The button layout on the top is absolutely minimal, with just the on-off switch, the shutter button, the customary zoom control and a dedicated video recording button. The back features the usual dial that can be spun to sift through options. There’s also the usual menu, display and mode buttons that do pretty much what their name suggests.
The overall build is sturdy and the camera feels good in the hands. It’s just the right amount of “light” for its dimensions, not too heavy, not too underweight. Even at the various focal lengths with the zoom barrel extended to different lengths, the camera doesn’t become unbalanced.
PerformanceWe are always sceptical about gadgets that seem too good to be true. With a travel zoom this size, we were left wondering whether Panasonic had dumbed down the innards of the DMC-SZ7, so we picked it up and took a long walk through the city, taking a lot of random (well thought out, of course) shots. We started with the standard image quality assessment at the wide and telephoto end, with the Leica lens performing rather well in keeping sharpness at the centre and the edges intact. Of course the centre was sharper than the edges (as it is to be expected), but that doesn’t mean that the edges seemed lacking in any way.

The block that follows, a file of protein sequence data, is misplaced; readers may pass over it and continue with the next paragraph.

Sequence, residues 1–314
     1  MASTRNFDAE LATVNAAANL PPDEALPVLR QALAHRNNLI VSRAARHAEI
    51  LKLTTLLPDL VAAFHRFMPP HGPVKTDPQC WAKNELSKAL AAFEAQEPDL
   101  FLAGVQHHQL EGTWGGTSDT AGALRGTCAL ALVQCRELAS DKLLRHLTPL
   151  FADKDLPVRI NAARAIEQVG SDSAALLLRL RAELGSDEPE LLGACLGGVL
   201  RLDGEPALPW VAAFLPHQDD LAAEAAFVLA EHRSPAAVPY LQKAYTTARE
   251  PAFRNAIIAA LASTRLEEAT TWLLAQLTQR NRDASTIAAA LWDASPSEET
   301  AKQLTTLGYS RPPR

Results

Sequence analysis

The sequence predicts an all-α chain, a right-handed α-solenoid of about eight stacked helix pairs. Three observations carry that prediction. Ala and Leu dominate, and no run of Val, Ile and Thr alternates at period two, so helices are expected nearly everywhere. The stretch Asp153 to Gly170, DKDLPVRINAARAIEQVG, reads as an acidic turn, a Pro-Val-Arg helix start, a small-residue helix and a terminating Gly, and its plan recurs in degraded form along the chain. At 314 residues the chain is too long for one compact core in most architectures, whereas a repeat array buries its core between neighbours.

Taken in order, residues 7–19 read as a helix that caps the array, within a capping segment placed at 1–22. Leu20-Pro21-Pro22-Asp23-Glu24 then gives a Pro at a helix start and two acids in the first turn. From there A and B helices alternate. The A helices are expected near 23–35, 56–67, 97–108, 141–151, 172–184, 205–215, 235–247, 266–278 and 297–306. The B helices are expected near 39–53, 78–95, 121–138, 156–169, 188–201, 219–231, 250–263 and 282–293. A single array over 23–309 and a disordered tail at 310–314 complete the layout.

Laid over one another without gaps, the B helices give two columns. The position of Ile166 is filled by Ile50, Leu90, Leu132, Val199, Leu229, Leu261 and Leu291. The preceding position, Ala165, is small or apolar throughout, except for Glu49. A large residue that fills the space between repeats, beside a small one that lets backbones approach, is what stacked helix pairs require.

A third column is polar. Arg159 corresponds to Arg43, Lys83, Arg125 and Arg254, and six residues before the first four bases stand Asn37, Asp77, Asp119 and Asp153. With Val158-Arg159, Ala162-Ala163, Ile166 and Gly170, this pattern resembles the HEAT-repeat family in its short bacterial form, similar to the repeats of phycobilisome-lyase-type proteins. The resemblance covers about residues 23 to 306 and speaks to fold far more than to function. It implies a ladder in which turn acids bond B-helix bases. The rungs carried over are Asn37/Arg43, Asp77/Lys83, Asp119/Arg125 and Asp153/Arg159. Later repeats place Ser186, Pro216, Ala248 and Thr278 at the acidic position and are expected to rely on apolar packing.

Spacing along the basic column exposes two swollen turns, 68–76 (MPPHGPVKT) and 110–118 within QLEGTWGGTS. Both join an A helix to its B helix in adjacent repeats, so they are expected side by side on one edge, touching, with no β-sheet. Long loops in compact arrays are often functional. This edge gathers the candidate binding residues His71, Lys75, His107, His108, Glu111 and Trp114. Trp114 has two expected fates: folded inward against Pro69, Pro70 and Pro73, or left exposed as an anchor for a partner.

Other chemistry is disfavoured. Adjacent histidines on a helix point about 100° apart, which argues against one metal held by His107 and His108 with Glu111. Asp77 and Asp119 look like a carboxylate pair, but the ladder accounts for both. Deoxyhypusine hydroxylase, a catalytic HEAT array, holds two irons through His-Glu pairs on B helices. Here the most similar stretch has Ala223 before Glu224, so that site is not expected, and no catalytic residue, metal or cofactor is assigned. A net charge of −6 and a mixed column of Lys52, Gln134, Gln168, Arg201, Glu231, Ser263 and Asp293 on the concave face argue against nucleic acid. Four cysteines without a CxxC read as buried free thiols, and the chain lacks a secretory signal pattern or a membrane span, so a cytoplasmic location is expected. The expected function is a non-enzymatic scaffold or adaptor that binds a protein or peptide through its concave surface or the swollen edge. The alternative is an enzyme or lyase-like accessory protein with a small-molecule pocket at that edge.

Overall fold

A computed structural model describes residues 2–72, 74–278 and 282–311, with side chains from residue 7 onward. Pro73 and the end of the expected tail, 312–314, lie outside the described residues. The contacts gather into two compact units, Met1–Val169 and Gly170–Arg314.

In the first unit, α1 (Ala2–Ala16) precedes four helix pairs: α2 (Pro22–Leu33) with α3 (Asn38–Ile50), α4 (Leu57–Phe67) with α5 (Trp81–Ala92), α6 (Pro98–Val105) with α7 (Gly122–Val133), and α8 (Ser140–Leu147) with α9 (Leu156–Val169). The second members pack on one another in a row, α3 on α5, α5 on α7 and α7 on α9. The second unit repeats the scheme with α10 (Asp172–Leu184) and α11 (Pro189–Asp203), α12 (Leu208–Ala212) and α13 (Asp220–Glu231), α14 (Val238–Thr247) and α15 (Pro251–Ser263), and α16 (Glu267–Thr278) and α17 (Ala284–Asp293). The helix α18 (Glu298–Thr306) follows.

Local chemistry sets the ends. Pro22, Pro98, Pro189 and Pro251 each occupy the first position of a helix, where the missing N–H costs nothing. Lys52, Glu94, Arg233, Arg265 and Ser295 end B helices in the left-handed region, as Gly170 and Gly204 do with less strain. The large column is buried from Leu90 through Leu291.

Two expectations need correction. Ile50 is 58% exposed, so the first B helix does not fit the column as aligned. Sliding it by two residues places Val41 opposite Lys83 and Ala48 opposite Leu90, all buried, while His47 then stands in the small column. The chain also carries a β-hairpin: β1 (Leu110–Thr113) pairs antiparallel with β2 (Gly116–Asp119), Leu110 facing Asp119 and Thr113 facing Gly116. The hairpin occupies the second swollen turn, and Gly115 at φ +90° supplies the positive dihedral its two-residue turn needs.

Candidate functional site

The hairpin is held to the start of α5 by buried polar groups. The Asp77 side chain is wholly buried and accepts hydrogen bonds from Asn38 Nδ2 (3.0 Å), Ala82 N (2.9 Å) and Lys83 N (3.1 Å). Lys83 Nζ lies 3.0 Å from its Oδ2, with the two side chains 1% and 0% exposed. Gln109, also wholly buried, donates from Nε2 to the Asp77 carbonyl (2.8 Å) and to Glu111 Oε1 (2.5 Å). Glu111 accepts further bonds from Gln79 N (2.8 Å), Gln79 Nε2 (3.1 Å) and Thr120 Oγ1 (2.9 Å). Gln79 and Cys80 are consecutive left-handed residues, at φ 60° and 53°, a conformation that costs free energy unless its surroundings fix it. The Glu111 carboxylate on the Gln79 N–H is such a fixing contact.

Macro shots revealed that the DMC-SZ7 lens has a barely noticeable barrel distortion, which is great! Don’t want that regular house fly looking like an over-fed, well-taken-care-of house pet now do we? Shooting under the mid-day sun, we did find that the camera’s ability to handle dynamic range isn’t all that stellar, with the emphasis being more on retaining/exposing for highlights than shadows. Of course, when exposing for shadows, the highlights in all our shots were consistently blown out.